NMC Horizon Report > 2014 K-12 Edition | The New Media Consortium | Leadership to change our schools' cultures for the 21st Century | Scoop.it
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Always Communicate the Why - George Ambler

Always Communicate the Why - George Ambler | Leadership to change our schools' cultures for the 21st Century | Scoop.it
Communication is most importance to leaders. One problem we spend too much time communicating the "what" and the "how" and don't devote enough time to the "why".
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Growing our mindset

Growing our mindset | Leadership to change our schools' cultures for the 21st Century | Scoop.it
This time last year I read Dweck's 'Mindset'.  Since then we've done quite a lot of work at DHS to develop and embed a growth mindset with our students  - especially during the last term.  We are t...
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Twitter

Twitter | Leadership to change our schools' cultures for the 21st Century | Scoop.it
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Teachers’ Most Powerful Role? Adding Context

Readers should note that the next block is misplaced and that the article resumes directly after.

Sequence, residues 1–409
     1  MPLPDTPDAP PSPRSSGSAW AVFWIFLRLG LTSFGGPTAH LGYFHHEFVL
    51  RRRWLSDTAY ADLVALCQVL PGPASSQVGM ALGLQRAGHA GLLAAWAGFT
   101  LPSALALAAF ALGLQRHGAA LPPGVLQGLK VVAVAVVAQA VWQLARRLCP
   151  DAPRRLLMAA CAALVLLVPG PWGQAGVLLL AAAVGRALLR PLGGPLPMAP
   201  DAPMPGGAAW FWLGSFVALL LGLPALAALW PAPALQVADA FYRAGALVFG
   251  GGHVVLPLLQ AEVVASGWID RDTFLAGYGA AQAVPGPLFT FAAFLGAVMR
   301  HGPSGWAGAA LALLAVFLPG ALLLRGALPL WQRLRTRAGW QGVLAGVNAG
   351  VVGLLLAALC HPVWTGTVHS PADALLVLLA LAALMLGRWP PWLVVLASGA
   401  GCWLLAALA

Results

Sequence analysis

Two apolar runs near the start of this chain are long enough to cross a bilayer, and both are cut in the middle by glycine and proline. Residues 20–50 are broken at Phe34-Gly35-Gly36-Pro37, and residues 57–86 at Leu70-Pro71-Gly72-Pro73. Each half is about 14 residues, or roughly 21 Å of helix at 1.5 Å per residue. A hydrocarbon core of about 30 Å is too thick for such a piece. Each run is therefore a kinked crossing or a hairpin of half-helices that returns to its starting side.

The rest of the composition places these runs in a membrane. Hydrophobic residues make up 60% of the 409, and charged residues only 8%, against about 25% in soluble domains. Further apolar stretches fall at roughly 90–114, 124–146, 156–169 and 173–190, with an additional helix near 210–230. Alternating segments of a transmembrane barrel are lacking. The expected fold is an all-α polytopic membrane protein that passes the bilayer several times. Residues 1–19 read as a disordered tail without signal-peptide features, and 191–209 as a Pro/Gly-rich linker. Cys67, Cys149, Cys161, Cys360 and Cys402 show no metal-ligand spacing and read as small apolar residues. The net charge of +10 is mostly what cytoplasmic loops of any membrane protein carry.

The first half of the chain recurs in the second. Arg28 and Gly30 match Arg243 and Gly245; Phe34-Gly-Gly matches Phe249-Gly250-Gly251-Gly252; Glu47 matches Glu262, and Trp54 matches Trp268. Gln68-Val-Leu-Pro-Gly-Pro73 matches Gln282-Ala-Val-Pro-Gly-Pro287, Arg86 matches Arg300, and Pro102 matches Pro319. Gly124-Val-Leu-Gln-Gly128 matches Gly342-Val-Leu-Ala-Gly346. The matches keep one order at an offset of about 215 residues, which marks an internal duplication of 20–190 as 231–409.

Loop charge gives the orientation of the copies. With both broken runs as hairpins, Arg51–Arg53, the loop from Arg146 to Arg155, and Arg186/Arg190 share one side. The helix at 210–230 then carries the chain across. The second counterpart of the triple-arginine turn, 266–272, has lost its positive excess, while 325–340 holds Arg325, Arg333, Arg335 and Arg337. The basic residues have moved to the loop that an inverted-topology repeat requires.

Teachers’ Most Powerful Role? Adding Context | Leadership to change our schools' cultures for the 21st Century | Scoop.it
When information is available in abundance, teachers will still be subject matter experts, but their true value will lie in their ability to facilitate and share the expertise of their students.
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Why Change Is Difficult

Why Change Is Difficult | Leadership to change our schools' cultures for the 21st Century | Scoop.it
Change is more difficult than you believe. Having an intellectual understanding the reason something needs to change isn’t enough. An emotional need to change is necessary and more powerful. Change...